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How the bill becomes law

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by

Carrie Breum

on 15 April 2010

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Transcript of How the bill becomes law

Double click anywhere & add an idea How a Bill Becomes law! Step one:Drafting a bill. Anyone may draft a bill; however, only members of Congress can introduce it. Step two-The bill planning committe As soon as a bill is introduced, it is referred to a committee made of members who research the bill. At this point the bill is examined carefully and its chances for passage are first determined. If the committee does not act on a bill, the bill is effectively "dead."
The Committee's make sure to hear all sides of the argument so that they can decide what they need to do to make the bill pass. After they have the opinions they need they create the bill and get it ready to send to the floor! Step Three-Creating the bill Step Four-Sending the bill. The bill is then reccommended to be sent to either the house or the senate!The committees then say what the reccommends.This is called "ordering a bill reported."

Step Five-votes After the debates the congress votes on the bill Step six-changing the bill When the House or Senate passes a bill, it is referred to the other chamber, where it usually follows the same route through committee and floor action.They can pass or reject it Step 8: Conference Committee Action After the bill has been votined on this committee make the changes that need to be made. Step 9: Final Action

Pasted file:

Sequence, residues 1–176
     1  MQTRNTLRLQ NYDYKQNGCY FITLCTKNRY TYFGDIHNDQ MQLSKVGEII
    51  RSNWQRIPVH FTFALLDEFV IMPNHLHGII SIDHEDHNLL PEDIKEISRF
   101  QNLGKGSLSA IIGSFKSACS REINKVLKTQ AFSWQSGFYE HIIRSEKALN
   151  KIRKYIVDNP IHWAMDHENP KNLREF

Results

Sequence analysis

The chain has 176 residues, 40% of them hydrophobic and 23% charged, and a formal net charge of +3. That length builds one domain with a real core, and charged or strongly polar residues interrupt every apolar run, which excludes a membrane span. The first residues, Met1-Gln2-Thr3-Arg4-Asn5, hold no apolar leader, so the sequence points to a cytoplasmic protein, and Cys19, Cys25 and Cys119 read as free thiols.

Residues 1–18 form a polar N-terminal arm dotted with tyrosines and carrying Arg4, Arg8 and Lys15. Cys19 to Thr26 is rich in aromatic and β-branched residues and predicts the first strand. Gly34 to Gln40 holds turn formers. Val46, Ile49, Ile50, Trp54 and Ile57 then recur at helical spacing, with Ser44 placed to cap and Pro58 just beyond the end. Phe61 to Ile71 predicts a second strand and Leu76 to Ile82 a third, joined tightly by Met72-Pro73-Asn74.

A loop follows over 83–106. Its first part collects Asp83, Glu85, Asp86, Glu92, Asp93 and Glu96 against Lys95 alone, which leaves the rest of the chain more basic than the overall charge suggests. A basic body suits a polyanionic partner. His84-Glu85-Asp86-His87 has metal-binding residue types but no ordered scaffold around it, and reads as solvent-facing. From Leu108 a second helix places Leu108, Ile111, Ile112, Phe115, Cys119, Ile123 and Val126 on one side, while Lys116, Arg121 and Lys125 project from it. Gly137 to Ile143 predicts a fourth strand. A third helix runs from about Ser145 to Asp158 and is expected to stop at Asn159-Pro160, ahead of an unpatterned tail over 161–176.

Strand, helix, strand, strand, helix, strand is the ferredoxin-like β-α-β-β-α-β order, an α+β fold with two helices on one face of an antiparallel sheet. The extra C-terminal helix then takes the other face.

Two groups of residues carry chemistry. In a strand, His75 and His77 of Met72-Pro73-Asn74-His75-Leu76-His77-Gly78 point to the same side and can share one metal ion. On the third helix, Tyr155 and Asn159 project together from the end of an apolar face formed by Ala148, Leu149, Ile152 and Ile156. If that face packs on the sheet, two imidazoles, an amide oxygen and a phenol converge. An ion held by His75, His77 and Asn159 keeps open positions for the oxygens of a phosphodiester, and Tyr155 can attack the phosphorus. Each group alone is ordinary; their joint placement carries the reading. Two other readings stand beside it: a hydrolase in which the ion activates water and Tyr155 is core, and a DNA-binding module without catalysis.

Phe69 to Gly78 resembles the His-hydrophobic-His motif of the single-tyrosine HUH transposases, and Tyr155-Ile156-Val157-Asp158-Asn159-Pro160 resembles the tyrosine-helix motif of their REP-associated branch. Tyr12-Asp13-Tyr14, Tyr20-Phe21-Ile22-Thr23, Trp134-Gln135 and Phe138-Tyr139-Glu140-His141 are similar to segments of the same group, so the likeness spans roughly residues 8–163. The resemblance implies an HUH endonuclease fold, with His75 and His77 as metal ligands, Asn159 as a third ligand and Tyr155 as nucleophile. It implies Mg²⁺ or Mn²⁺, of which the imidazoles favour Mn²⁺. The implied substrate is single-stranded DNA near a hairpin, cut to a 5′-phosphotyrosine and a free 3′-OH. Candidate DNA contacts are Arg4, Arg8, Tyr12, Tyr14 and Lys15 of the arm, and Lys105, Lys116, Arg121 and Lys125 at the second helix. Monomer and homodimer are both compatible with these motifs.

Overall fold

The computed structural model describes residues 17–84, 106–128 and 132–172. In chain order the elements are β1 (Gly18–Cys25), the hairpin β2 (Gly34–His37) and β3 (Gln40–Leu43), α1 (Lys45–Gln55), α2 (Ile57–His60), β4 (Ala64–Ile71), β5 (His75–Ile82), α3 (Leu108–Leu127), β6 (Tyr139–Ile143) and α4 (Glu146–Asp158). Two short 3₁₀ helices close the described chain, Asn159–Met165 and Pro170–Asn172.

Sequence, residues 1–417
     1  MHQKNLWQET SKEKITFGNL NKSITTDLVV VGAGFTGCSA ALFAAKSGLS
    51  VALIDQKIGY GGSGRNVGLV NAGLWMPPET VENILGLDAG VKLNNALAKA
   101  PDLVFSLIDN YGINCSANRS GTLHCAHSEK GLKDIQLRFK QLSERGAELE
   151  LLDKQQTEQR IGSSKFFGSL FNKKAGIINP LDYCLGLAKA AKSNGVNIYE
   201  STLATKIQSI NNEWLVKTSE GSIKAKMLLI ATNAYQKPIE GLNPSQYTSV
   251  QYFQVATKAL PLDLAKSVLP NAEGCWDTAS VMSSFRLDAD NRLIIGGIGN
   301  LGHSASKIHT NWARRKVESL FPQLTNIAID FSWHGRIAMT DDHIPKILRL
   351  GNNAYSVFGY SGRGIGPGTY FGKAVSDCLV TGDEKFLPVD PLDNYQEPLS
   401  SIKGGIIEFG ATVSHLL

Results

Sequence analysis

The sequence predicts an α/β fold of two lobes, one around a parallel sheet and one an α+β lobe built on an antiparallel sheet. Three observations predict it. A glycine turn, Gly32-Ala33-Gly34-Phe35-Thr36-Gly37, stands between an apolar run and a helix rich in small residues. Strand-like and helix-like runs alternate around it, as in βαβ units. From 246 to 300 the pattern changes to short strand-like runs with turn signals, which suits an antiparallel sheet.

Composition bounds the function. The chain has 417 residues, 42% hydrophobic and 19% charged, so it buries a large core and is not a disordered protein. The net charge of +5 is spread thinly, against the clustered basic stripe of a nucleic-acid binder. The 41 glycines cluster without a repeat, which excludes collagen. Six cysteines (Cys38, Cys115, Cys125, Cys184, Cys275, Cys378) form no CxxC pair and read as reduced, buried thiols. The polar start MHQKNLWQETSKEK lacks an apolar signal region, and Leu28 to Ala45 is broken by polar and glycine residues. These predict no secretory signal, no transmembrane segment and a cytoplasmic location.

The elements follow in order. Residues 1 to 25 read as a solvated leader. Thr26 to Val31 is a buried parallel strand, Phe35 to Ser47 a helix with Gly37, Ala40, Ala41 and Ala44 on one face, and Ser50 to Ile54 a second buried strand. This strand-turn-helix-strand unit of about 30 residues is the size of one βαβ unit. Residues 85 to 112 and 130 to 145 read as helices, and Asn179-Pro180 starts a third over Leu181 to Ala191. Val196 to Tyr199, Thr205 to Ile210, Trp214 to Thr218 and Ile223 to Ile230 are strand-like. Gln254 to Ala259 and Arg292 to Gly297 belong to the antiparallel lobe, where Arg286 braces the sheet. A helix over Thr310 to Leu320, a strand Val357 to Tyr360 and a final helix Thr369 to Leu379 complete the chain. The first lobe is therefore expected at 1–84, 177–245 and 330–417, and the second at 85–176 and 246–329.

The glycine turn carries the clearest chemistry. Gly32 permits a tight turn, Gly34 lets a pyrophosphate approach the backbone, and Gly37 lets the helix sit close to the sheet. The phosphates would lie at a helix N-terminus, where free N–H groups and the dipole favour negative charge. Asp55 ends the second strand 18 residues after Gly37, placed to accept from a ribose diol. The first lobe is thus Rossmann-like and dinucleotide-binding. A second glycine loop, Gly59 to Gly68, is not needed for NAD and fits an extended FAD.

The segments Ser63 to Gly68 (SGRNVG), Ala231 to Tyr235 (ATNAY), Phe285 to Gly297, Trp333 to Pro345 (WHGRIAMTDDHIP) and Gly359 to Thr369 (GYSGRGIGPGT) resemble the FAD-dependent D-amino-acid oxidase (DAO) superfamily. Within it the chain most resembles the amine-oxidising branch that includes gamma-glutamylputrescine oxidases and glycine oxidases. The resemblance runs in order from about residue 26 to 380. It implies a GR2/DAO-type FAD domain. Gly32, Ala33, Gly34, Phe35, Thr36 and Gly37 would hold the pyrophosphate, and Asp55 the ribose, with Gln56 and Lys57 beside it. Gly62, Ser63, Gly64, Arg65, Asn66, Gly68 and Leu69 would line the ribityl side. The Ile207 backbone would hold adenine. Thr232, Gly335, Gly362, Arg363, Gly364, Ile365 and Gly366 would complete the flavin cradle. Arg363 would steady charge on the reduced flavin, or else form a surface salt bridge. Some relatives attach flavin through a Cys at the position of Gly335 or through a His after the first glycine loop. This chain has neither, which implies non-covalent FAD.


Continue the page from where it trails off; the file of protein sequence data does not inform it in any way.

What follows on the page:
After both the House and Senate have approved a bill in identical form, it is sent to the president. If the president approves of the legislation, he signs it and it becomes law. or... If the president takes no action for ten days, while Congress is in session, it automatically becomes law.If the president opposes the bill he can veto it. Step 10: Overriding a Veto
If the president vetoes a bill, Congress may attempt to "override the veto." If both the Senate and the House pass the bill by a two-thirds majority, the president's veto is overruled and the bill becomes a law.
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